The Tea Party's Long-Term Damage to the Republican Party

The greatest impact of Rand Paul's anti-civil rights comments may not be on the 2010 elections, but rather on the next several elections.

If that sounds preposterous, then consider the following: Paul was the Tea Party's choice to be the Republican candidate for Senate in Kentucky. As Tea Partiers win Republican primaries, the GOP has no choice but to support them against Democrats, thus embracing the Tea Party. First it was Marco Rubio; now it's Paul. In other words, the Tea Party is a wing of the GOP, not a third party.

As voters quit distinguishing between the two, they'll come to associate the GOP with perceptions of the Tea Party. After Paul revisited civil rights, "racist" may be one of the most popular connotations with the GOP.

Not every voter will think the Republican Party is racist. Then again, the GOP probably has these voters and they're not enough to restore the party to governing status. Yes, Republicans will surely achieve net gains in the House and Senate this November built on the strength of middle-aged, elderly, and white voters.

But those aren't the voters the GOP needs for the next several elections. Their share of the electorate will be much smaller once young and minority voters head back to the polls in 2012.

Good luck to anyone who tries to convince these people to call themselves Republicans. Young voters are the least tolerant of any age cohort of racism -- real or perceived -- because they've come of age after much (not all) of America made racial peace. Consider this fact: the last race riots of national impact took place in Los Angeles in 1992 -- when all of today's twenty-something voters were younger than 12. Just imagine how backwards it must it look to them to hear a debate over a civil rights bill passed in 1964.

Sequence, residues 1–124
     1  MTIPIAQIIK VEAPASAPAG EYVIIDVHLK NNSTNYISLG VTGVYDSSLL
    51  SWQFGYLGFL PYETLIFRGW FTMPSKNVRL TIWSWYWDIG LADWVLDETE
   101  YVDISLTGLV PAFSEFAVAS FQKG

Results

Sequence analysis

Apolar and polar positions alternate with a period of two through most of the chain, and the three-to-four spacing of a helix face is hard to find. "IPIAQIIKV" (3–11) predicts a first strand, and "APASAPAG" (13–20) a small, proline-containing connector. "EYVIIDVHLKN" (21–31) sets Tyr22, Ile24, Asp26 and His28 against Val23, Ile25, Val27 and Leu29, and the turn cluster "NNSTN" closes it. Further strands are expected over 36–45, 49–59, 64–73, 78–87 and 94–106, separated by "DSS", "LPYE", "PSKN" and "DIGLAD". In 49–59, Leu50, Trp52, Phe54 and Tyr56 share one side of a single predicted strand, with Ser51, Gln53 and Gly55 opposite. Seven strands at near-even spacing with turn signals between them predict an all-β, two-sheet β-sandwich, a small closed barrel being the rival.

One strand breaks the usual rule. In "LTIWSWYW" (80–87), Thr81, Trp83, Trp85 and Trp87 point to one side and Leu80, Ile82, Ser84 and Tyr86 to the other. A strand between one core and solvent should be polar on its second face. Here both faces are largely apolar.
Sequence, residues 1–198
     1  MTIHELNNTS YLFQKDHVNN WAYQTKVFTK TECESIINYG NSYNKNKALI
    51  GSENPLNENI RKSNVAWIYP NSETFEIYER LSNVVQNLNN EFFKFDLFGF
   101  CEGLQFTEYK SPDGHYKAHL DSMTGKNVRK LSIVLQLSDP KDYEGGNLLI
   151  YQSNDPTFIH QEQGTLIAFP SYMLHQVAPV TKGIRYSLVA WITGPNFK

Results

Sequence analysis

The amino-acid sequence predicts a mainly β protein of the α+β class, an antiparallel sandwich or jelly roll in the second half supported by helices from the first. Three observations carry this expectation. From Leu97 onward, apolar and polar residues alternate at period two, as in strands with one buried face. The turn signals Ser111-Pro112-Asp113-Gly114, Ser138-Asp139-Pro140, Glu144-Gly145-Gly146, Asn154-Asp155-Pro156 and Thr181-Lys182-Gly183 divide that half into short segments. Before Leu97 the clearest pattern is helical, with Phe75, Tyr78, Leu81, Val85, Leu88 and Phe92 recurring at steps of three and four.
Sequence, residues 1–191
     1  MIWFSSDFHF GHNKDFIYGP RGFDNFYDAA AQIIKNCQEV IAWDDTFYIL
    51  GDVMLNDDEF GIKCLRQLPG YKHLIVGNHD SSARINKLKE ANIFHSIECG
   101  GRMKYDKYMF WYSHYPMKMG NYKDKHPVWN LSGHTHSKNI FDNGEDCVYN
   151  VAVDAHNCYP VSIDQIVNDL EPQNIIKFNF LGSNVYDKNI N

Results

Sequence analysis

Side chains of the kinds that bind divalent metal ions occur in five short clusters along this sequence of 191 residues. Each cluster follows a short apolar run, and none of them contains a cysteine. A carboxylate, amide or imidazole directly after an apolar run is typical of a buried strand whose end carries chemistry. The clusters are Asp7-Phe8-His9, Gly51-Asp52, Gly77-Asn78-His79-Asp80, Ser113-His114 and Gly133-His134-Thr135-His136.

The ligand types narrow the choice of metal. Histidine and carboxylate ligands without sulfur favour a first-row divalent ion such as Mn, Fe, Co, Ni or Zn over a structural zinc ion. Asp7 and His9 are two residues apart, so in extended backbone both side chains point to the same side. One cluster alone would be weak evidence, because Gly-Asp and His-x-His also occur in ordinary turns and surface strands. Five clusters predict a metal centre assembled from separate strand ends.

The Tea Partiers now threaten to "salt the fields around the GOP's reduced territory and make it hard for the party to harvest new voters in the future" because Republicans will be seen as racists by many young and minority voters. I wrote that about the Birthers last year.

If the Republican Party wants to save itself from a generation of inconsequential power, it will have to do more than muzzle its candidates or have a minority in a titular position like RNC chairman. Instead, the GOP will have to win elections with non-white candidates and deny support to anyone who appears at all reactionary on civil rights.   

But don't expect that new policy to be adopted by Republican leaders anytime soon. Like all politicians, they won't react to a problem that may affect their chances at reelection several years from now. Today they don't stand to gain anything from forcing a confrontation within the party. But by 2012 or 2016, it may be too late.

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Justin Miller was an associate editor at The Atlantic from 2009 to 2011. He is now the homepage editor at New York magazine. More

Justin Miller was a associate editor at The Atlantic. Previously he was an assistant editor at RealClearPolitics, a political reporter in Ohio, and a freelance journalist.

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